People living around water bodies rely on fishing for their livelihoods but do the fishing activities illegall. Photo Credit: Noel Iyombwa

Illegal fishing threatens Zambia fish stocks, biodiversity

By Noel Iyombwa

Every first day of December, the Zambian government, through the Ministry of Fisheries and Livestock, imposes a fishing ban on some of the major water bodies in the country. The fishing ban, which runs for a period of three months to the last day of February, is meant to allow different fish species to reproduce during this peak breeding season.

However, the ban has been largely defied by people living around these water bodies, many of whom rely on fishing for their livelihoods. In most cases, the use illegal fishing methods and gear such as insecticidetreated mosquito nets and poisonous substances. Small-scale Farmers Development Agency (SAFADA), a union for smallholder farmers in Zambia, has expressed concern at the rate at which fish is depleting in major water bodies in the country.

SAFADA director and founder Boyd Moobwe observed that if nothing is done, the country risks losing some fish species.

Mr Moobwe, who is also an environmentalist, said the authorities should act to eradicate illegal methods of fishing. In addition to the annual fish ban, he said, there was need to strengthen rules and regulations to curb illegal methods of fishing. He noted that the use of some of the traditional methods of fishing were depleting the fish stocks at a faster rate than breeding. The SAFADA director called for stricter measures that will ensure that no the fish ban is effective.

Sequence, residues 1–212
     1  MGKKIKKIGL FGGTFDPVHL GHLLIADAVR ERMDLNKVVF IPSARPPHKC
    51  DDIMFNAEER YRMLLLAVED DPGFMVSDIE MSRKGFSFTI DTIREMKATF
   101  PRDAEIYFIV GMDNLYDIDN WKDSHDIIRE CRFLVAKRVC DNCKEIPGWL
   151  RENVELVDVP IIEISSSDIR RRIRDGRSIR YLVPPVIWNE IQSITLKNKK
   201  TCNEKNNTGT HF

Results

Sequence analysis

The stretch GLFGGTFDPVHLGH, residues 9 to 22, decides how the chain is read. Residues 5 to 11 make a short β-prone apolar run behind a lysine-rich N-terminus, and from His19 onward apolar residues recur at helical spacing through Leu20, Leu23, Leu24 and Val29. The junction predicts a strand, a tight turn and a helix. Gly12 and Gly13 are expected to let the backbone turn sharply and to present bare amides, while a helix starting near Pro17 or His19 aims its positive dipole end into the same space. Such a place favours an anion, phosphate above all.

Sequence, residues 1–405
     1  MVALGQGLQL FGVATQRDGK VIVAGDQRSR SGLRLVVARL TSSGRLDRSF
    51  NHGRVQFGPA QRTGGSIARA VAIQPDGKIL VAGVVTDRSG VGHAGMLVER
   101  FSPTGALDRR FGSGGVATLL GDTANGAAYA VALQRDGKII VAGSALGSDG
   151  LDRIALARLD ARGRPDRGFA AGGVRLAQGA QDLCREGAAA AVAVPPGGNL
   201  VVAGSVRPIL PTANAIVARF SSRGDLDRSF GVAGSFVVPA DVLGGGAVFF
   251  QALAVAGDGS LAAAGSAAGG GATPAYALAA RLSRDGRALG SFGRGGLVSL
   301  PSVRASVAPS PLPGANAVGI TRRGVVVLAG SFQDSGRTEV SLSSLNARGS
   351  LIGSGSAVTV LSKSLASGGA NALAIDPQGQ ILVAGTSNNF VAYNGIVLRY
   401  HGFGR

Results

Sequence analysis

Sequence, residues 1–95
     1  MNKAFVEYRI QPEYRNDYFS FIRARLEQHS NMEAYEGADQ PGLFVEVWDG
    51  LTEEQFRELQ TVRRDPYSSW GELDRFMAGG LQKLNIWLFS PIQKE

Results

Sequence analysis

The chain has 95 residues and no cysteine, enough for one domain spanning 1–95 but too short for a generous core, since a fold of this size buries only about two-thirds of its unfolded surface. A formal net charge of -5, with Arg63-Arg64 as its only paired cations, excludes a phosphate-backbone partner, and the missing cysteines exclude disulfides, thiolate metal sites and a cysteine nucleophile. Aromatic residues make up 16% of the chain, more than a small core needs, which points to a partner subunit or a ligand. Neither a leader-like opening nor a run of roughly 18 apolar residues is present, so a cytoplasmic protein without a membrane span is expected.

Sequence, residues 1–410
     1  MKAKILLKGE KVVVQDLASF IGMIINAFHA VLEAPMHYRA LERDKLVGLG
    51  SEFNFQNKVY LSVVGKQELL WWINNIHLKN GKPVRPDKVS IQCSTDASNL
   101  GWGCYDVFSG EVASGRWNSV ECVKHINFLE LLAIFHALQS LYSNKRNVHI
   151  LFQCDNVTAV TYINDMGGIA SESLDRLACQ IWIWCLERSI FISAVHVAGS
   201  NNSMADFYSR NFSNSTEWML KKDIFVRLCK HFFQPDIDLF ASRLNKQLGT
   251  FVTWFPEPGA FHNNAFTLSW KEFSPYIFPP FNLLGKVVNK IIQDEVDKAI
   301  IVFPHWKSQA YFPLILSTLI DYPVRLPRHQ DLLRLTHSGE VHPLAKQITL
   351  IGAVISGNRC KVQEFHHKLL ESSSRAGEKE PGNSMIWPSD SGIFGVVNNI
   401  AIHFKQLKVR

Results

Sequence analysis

He called on the Ministry of Agriculture to sensitise people living near water bodies about other economic activities and empower small-scale farmers in rural areas to reduce overreliance on fishing “People need to be told that at one point there will be no fish so they need to learn other economic activities rather than just depending on fishing. It’s unfortunate that despite some nongovernmental organisations in the past coming up with projects such as rice growing in some parts of the country,

local people have failed to diversify but instead stuck to fishing as a source of income and for food.

They bad methods such as mosquito nets, meaning that even the smallest fish is caught and, in some cases, even the eggs,” he said. Recently the country’s’ Fisheries and Livestock Minister Makozo Chikote warned that anyone found defying the fishing ban and engaging in illegal fishing methods would face the full force of the law. According to the Zambian Fisheries Act, fishing activities are prohibited in selected areas. Save the Environment and People’s Agency (SEPA) executive director Mailes Muke observed that illegal fishing methods were also a threat to biodiversity.

Ms Muke said the use of illegal fishing such poisonous substances do not only kill fish but other living organisms in the rivers. “These illegal fishing practices also pollute the environment. The fisheries department should be given more officers and vehicles to patrol water bodies,” she said.

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